a peer-reviewed academic open access journal, published electronically (immediate free online availability) in co-operation with Eisenbrauns, with support of McMaster University and Caspari Center….
The journal aims, uniquely, to advance scholarship on this crucial period in the early history of the Jewish and Christian traditions when they developed into what is today known as two world religions, mutually shaping one another as they did so. JJMJS publishes high-quality research on any topic that directly addresses or has implications for the understanding of the inter-relationship and interaction between the Jesus movement and other forms of Judaism, as well as for the processes that led to the formation of Judaism and Christianity as two related but independent religions.
The primary fields of study are: Christian Origins, New Testament studies, Early Jewish Studies (including Philo and Josephus), the Dead Sea Scrolls, Apocrypha and Pseudepigrapha, Rabbinic Studies, Patristics, History of Ancient Christianity, Reception History, and Archaeology. Methodological diversity and innovation is encouraged.
All seven volume’s of Niese’s edition of Josephus’s works are available online. Most are available on Internet Archive in both black-and-white and full color. But, for volumes 2 and 5, one has to go to the black-and-white text only scans on Google Books:
In his translator’s comments on Cicero’s Nature of the Gods, H. C. P. McGregor makes the following observation about the task of translation:
One can . . . choose verbal accuracy at any price, translate each sentence word for word, and so produce a safe bud deadly crib. In an opposite extreme, one may throw all scholarly impedimenta overboard, let vocabulary and syntax go, seeking only to preserve in English dress the sense and argument of the original. . . . A third method goes beyond translation altogether and creates a new work in the image of the old, as Pope and Chapman did with Iliad and Odyssey. (64)
Although his main interest in this introduction lies elsewhere, the passing reference to “creat[ing] a new work in the image of the old” seems also to be some good, vivid language for describing what happens in “rewritten Bible” texts from the Second Temple period.
Sadly, Gerald Hawthorne passes away (HT: John Byron).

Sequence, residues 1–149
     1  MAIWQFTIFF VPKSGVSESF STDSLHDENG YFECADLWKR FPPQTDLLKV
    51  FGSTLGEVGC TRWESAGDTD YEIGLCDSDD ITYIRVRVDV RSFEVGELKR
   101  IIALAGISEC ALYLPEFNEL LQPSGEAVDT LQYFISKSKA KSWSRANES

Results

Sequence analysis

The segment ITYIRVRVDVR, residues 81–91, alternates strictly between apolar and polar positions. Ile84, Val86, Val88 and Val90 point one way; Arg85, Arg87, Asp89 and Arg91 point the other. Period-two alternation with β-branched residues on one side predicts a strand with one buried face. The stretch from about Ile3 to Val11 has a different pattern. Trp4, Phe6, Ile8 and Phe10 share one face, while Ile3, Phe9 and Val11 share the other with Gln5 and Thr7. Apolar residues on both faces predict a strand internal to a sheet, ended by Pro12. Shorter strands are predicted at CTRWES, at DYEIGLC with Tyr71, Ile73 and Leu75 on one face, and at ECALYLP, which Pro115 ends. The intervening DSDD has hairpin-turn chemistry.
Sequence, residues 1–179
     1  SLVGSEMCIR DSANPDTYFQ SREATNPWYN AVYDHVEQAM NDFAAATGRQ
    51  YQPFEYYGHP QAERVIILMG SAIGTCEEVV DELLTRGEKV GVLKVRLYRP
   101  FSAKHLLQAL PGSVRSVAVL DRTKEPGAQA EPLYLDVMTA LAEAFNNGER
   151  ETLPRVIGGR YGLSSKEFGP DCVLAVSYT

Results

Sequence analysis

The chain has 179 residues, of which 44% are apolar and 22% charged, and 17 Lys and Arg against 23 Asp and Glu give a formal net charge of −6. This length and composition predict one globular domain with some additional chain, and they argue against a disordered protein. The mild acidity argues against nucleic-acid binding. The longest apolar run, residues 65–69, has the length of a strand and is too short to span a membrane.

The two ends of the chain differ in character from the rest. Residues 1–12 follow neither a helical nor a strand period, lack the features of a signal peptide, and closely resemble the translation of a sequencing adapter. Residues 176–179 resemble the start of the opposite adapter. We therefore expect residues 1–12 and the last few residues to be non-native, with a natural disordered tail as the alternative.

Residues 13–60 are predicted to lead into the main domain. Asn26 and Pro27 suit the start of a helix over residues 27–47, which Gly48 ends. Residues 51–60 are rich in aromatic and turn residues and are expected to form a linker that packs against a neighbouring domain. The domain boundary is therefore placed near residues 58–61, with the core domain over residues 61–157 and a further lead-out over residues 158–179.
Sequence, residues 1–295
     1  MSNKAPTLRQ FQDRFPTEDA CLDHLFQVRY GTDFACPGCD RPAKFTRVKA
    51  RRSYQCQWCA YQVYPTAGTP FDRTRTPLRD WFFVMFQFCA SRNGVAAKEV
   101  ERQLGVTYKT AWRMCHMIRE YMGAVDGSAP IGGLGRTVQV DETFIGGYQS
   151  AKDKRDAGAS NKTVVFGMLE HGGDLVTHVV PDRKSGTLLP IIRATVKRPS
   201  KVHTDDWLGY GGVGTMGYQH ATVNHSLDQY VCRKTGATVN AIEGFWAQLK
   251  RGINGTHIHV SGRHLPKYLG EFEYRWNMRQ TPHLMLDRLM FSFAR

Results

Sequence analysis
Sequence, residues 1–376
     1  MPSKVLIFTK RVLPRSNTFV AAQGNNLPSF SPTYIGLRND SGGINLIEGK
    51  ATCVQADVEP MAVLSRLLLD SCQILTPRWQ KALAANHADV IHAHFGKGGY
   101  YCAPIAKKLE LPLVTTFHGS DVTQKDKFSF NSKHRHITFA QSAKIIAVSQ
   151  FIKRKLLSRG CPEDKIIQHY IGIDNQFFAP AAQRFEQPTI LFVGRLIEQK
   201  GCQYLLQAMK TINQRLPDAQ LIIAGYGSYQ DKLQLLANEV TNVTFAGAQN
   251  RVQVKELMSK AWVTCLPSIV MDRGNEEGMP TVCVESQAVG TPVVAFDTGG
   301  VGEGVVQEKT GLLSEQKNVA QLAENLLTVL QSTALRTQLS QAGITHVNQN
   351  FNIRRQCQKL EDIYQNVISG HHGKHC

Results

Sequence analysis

Helen Bond discusses the composition of the Sanhedrin in first-century Palestine.
Trevor provides a good summary of a variety of different ways to add records to Zotero.
Happy Dissertating suggests priming the writing pump as necessary via 750 Words. Based on what the site provides, it looks like a fully private blog could also be used in much the same way, but particularly for those who would prefer not to need to ensure for themselves that all their privacy settings are correct or who might enjoy some of the other features that 750 Words offers, the site may be worth a look.
Pat McCullough begins a bibliography of resources about the application of Social Identity Theory to biblical studies and invites suggestions for additions.
[a] picture of a sundial with a Greek inscription was published in the 33rd (2000) issue of Qadmoniot, as an illustration to the essay of Y. Magen, ‘Mount Gerizim—A Temple City’ . . . the sundial’s inscription, neither transcribed nor translated, failed to provoke commentary. And yet the inscription is remarkable in many ways: one of only five Greek inscriptions from the Hellenistic era ever found on Mount Gerizim, it was discovered outside any architectural context. The inscription addresses θεὸς ὕψιστος, the God Most High, which would have provided the archaeologists of Gerizim with a doubly difficult quest: to identify the ‘nationality’ of the so-called god, and to find a temple in which this sundial would have stood—Samaritan, Seleucid or Roman. Inscriptions bearing the εἷς θεός invocation present a similar problem (32).